Review of Islands Album by Ash

After twenty-six years and six previous albums, Ash return with a new, fresh, twelve-track album that fizzes with a vibrancy more readily associated with youthful exuberance. For Tim Wheeler and Mark Hamilton, at least, forty-one would appear to be the new twenty-one. The latest album from Ash, following on from 2015's 'Kablammo!' (..and the 2007 announcement, now clearly redundant, that the band would no longer release albums) takes its title from its various recording locations on different islands around the world.

Ash Islands Album

The mix and production on the album is crisper than ever; the vocals are ever so slightly more forward facing and the arrangements are not as fuzzy or hazy as some of Ash's previous records. One of the lead singles taken from the new album, 'Annabel', is a throwback to former glories such 'A Life Less Ordinary'. The succinct piece of guitar driven power pop fuses Manics-like riffs with irresistible harmonies and a relentless ever building beat. Album opener 'True Story' is a gentler affair but no less arresting with its revolving passages and sing-a-long chorus.     

The original Ash trio of Wheeler, Hamilton and McMurray are also joined by fellow Northern Irish legends Damien O'Neill and Mickey Bradley of The Undertones. Adding vocals, electricity and energy to early release 'Buzzkill', they also seemingly add a touch of unreserved enjoyment and excitement. Lyrically, the song may be pointing in a despondent and disillusioned direction but musically it's all upbeat, thrashing guitars, simple melodies and anthemic hooks.   

The twelve tracks that constitute 'Islands' are split between the upbeat and immediate songs that are more aligned with Ash's more commercial output that they are renowned for, and a selection of more considered tracks that come as a refreshing     

surprise. Whilst 'Confessions In The Pool', 'Silver Suit' and their like make up the backbone of the new album, it is in some of the less obvious moments that Ash show us a different dynamic.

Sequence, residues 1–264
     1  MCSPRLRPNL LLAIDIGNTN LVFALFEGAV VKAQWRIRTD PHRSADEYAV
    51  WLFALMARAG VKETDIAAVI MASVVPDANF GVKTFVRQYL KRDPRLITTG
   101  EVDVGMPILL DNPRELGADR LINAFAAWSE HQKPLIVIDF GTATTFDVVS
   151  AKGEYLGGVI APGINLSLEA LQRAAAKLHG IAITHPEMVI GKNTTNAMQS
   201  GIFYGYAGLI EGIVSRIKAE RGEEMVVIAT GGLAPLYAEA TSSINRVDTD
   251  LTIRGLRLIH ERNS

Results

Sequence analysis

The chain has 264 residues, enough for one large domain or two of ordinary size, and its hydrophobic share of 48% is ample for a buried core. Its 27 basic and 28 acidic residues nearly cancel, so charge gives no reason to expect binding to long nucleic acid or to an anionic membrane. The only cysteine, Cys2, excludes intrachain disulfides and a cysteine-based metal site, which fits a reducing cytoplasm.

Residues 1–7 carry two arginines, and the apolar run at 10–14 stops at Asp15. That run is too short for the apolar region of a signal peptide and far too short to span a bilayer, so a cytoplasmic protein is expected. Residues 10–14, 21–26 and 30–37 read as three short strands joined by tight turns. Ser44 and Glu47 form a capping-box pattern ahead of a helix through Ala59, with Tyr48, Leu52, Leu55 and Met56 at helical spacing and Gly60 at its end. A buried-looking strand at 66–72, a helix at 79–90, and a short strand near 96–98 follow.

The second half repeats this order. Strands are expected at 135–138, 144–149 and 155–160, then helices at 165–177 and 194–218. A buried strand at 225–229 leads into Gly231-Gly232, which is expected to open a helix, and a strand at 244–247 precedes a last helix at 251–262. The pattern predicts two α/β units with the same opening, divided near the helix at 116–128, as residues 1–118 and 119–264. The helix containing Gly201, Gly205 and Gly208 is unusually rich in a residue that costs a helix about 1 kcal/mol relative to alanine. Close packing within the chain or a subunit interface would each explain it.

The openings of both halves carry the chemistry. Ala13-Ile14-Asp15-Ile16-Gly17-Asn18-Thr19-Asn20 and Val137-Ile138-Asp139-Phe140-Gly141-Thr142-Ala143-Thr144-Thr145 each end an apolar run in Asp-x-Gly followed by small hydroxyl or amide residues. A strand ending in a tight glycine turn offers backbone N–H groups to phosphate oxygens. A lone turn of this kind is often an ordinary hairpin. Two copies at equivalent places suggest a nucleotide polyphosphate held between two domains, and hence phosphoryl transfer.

Coming in as the second longest track on the album at 4m35s, 'Did Your Love Burn Out?' could be considered overly indulgent for Ash but it is not; it is a clear album highlight. Many of the tracks take their inspiration from Wheeler's long term relationship breakdown and here is one of the wheres that benefit from Wheeler's woes. The unfolding story contains a great narrative, some wonderful old school guitar licks and even the odd solo. There are elements of The Raconteurs throughout the track but in the end it is the impassioned delivery that carries it to its bitter end.

'Don't Need Your Love' is slower but similarly tinged with the loss of love and the realisation of a new reality. One of the most laid-back, laid bare arrangements on the album introduces sweeping strings at one point as Wheeler underlines his feelings. Close out track 'Incoming Waves' is the most reflective of the twelve tracks, its most open, and where Wheeler well and truly wears his heart on his sleeve. Lyrically, 'Incoming Waves' is also one of the strongest on the album. "All I've got is time, to think about the moment it went wrong. The chance to put it right, the chance to prove I could be strong."

'Islands' sees a rejuvenated Ash deliver an album of standout singles and a whole bunch of surprises on their latest release. For a band that had vowed not to release another album they've made a pretty good fist of it here. It will undoubtedly please their fanbase but no doubt bring with it some new fans along the way.

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